b) balch. azfaru, who is yellow, pale, even blackish, also resembles pale banfasch;

c) balch. acdaru of green color, resembling the sabardschad.

European writers also give some information about the place where these stones were found; the Venetian Marco Polo (in the 13th century) says: in Balachschian or Badakschan the precious stones, which are called Balassi, are very beautiful and of great value, they are dug in the high mountains (on the border of the Tartarey), but There is only one mountain, called Sikinen, in which the king has pits made and mines. Nobody is allowed to mine these stones with the death penalty unless he has special permission to do so. Strangers are given such stones by the king, but they are not allowed to buy or export them without permission. There are also pits for glaze stone, gold, and silver.

John Wood, in his narrative of a journey to the source of the river Oxus, by the route of the Indus, Kabul and Badakshan 1841, is one of the very few Europeans who have visited the high mountain region of Badakshan; he says here: the ruby ​​pits are 20 English miles from Ishkashm in the district of Gharam, which means caves or mines, on the right bank of the Oxus, and the entrance is said to be 1200 'above the level of the river. The type of mountain should consist of sandstone or limestone and be very easy to work with. Since Badakshan has been in the hands of Prince Kunduz, the mines have not been worked, because he, embittered by their low yield, led the residents of the district, around 500 families, to Kundus, where he sold them as slaves.

So while these gemstones are no longer obtained from here in modern times, they will have been very common and widespread in older times.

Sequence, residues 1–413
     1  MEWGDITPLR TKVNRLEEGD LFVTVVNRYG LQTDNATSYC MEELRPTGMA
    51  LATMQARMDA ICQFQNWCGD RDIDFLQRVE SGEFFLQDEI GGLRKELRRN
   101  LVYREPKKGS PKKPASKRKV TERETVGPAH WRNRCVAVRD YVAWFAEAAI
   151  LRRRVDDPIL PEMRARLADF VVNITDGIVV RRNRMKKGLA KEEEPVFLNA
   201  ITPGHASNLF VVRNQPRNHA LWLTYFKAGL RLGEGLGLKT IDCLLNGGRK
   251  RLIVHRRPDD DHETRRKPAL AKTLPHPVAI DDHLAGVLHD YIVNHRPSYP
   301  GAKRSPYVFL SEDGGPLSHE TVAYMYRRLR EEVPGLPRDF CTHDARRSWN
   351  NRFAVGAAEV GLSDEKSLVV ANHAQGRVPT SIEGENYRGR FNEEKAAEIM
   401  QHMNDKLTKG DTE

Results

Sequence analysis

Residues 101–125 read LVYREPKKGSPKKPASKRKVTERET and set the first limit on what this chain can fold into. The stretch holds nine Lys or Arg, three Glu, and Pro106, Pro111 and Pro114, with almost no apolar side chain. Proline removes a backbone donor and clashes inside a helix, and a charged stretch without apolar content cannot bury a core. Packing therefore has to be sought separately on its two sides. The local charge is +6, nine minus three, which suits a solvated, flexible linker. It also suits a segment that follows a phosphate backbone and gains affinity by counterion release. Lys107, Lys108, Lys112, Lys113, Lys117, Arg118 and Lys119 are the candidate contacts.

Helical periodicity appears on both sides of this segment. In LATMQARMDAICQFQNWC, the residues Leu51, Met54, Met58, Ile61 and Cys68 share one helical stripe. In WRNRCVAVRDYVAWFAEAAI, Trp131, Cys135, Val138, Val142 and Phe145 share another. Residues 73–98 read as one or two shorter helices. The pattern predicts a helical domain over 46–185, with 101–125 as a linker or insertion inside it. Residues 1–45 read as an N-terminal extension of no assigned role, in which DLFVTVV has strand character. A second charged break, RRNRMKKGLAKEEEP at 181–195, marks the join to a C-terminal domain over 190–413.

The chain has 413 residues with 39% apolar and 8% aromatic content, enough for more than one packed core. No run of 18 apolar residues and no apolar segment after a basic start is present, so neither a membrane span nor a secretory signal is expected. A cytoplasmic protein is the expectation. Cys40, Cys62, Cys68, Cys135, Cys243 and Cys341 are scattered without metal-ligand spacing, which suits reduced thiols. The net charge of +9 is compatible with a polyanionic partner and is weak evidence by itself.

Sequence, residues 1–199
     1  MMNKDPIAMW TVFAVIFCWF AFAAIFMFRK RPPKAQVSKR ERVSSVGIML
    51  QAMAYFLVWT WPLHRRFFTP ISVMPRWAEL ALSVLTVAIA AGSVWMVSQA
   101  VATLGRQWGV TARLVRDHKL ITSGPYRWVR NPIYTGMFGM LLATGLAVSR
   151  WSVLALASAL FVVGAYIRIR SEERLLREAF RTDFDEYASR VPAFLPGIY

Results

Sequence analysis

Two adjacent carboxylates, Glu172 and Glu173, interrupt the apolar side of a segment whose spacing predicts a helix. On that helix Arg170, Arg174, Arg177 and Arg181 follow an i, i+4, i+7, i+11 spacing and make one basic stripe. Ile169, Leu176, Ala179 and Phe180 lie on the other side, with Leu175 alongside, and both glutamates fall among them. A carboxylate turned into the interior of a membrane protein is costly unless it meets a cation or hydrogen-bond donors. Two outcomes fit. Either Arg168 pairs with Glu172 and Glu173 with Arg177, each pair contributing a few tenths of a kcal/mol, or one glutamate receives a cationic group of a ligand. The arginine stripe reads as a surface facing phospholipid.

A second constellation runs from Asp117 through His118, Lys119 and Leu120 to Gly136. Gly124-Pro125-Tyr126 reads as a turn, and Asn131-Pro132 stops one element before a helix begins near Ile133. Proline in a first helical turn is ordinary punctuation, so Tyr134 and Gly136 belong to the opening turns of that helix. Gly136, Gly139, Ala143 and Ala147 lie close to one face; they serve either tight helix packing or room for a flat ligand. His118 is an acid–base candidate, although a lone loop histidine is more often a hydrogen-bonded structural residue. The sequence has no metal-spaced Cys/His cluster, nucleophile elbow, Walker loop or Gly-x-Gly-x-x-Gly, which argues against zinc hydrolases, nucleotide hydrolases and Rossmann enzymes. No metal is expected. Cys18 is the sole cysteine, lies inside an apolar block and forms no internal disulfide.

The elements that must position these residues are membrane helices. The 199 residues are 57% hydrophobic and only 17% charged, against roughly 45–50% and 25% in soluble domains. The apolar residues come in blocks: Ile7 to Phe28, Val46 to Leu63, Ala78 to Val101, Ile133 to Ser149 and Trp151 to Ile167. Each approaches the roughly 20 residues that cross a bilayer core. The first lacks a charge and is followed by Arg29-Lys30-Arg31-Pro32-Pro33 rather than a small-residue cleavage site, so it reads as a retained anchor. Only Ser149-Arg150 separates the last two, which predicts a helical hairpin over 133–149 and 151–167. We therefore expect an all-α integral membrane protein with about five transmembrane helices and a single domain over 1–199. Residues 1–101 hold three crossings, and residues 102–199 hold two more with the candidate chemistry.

The balchasch or balachsch of the Arab mineralogist Taifaschi, which is not in the Persian mineralogy of Ben Manssur, and the laal of the latter, which is missing in the former, undoubtedly belong to the same mineral genus, only the Persian name comes from the color, the Arabic from Location taken from; the stone did not belong to the genus jakut (ruby), but was closest to it and did not come from India. Since the Balachsch pits are no longer in operation, it will be difficult to determine mineralogically the gemstone with complete certainty, but it will either have been our spinel, or more likely our zircon (see this), which was also the ruby is close, but is less beautiful and noble.

The name laal has not passed into the modern languages, but the balchasch or balasch, from which balais, ruby ​​balais were formed, with which the jewelers designate the red spinel and generally ruby-like, but smaller gemstones.

Πελαζος, εμπαλασιος in Medieval Greek; —balax, balagius, balascius, balassius, balascus, palacius in Medieval Latin; —balax in Spanish, is the spinel and pale ruby; Balais in Portuguese as well; --balais, rubin balais in French, - ballas rubin in Dutch; --ballaz rubin in Swedish; --balass rubin in English; --ballasch in Russian; --balas in Czech.

b. The benefsch and banfasch.

gul in Persian [4] is similar to the jakut, but more purple, is found with the laal, has 4 types: a) madai, hardly distinguishable from the red jakut (ruby); b) rutbi (garlic), where our word ruby ​​can come from; c) benefchi (black red?); d) itaseth of bright yellow color (translated as hammer);

banfasch, benfesc in Arabic has 4 types: a) madsinijj, madini (i.e. worse than the jakut), also sciams and rateb, pale red, beautifully colored, transparent, the most beautiful type; b) mortib, mortibon, of dark, not beautiful red; c) banafsadijj, nice blue with a little red; d) isbadschat, esbadet, essabade, somewhat yellowish, very similar to balkhash.

These species in Persian and Arabic correspond to one another in such a way that there is no doubt that cooch and banfasch are one and the same gem, generally red in color.

This stone is determined partly as amethyst and partly as garnet, but both are likely to be erroneous. What is said about the stone seems to me to fit only on our spinel.

After a message I received from Dr. Röhrig, at that time in Constantinople, the jewelers there know the stone benefsch as a red noble, but it does not matter whether it belongs to the Hyacinth or to the spinel.

c. The badschadi, basadi and madidsch in Arabic, the bidschade, badensch, madensch in Persian.

bidschade in Persian is a red Indian gemstone that only gains shine and transparency through the cut (hence probably carbuncle, i.e. garnet in medieval Greek πεζεπος, πεζεποτα); -

betschate in Amharic is a precious stone that is not described in more detail, but is likely to be the same.